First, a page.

An asterisk (*) indicates the analyzer is questioning the presence of the cellular population.
Hash mark (--.--)
A hash mark (--.--) indicates the analyzer was unable to return a result for a particular parameter. In either case, a blood film should be consulted. These message flags act as internal controls to remind the doctor that a sample must be examined under a microscope.
Analyser support videos:
- Venipuncture Canine Jugular
- Venipuncture Feline Jugular
- Venipuncture Medial Saphenous
While IDEXX is not an authorized SCA2000 service centre and cannot service these analysers, IDEXX will work with the manufacturer on the customer’s behalf to resolve any warranty- and service-related issues.
The Coag Dx Analyser automatically performs daily internal electronic and temperature quality control testing to verify performance. The analyser also performs a system check every time it is activated and a test is performed.
While many animals can be tested using the Coag Dx Analyser, it has only been validated for the following species:
- Canine and feline species: PT, Citrate PT, aPTT, Citrate aPTT
- Equine species: PT, Citrate PT
Can my SNAPshot Dx Analyzer read the SNAP fPL Test?
Yes. The SNAPshot Dx Analyzer can read the SNAP cPL Test and the SNAP fPL Test.
Due to the high number of false negatives in small animals, nitrites have a very limited value in veterinary samples.
The IDEXX UA Strips measure:
- Blood or haemoglobin
Calibrate the IDEXX VetLab UA Analyser once a week using IDEXX VetLab® UA™ Calibration Strips. The calibration procedure takes less than two minutes. Please refer to the Quick Reference Guide or Operator’s Manual for calibration procedure.
A complete UA includes physical, chemical and microscopic examinations:
- Observation of urine colour and clarity
- Urine specific gravity measured by veterinary refractometer
- Measurement of urine chemical properties (i.e., pH, bilirubin, glucose, occult blood and ketones)
- Microscopic examination of urine sediment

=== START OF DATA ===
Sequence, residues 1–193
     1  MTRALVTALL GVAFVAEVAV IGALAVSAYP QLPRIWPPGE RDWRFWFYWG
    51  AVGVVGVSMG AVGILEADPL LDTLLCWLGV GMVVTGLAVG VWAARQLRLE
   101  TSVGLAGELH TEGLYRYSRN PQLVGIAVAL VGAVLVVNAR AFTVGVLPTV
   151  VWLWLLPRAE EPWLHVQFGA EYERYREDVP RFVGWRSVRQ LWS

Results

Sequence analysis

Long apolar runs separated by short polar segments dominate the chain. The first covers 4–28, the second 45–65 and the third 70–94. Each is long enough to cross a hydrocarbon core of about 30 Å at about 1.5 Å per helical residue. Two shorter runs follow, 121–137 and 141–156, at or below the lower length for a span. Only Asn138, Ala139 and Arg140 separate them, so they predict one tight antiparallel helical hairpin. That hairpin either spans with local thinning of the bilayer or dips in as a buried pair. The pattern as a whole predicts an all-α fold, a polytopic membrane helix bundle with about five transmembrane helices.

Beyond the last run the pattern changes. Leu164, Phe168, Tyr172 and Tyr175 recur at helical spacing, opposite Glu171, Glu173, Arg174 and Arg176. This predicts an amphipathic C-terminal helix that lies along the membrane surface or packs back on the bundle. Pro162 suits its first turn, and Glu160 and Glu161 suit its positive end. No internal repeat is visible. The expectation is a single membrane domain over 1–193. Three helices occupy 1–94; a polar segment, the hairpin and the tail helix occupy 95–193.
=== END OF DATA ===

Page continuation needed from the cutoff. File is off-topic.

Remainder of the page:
Five percent dextrose typically is used to replace a water deficit, and not to provide calories. Except in very small animals, administration of 5% dextrose (200 kcal/L) cannot be relied upon to maintain daily caloric needs. In cases in which sepsis is a concern or if hypoglycaemia from another cause is present, you can add 100 mL of 50% dextrose (i.e., 50 g) to 1 L of lactated Ringer's solution to create a solution that has 5% dextrose in it. In this situation you are using the dextrose to combat suspected or documented hypoglycaemia.
The subcutaneous route can be used for maintenance needs in small dogs and cats, but it shouldn't be used for patients with acute, severe fluid losses (i.e., patients with evidence of circulating volume compromise). Likewise, this route is not recommended for extremely dehydrated or hypothermic animals that may have considerable peripheral vasoconstriction, which potentially could interfere with absorption of the fluid. Only isotonic crystalloid fluids containing lactate as a base precursor (e.g., lactated Ringer's solution) are recommended for subcutaneous administration. The low pH and high acetate content of some Plasmalyte products and Normosol R may contribute to pain on subcutaneous injection. Five percent dextrose in water typically is not recommended for subcutaneous use because temporary electrolyte imbalance potentially may occur as extracellular fluid equilibrates with the administered electrolyte-free fluid. Lastly, there is some concern that use of dextrose-containing crystalloids subcutaneously could predispose the animal to cellulitis if bacteria are introduced on injection.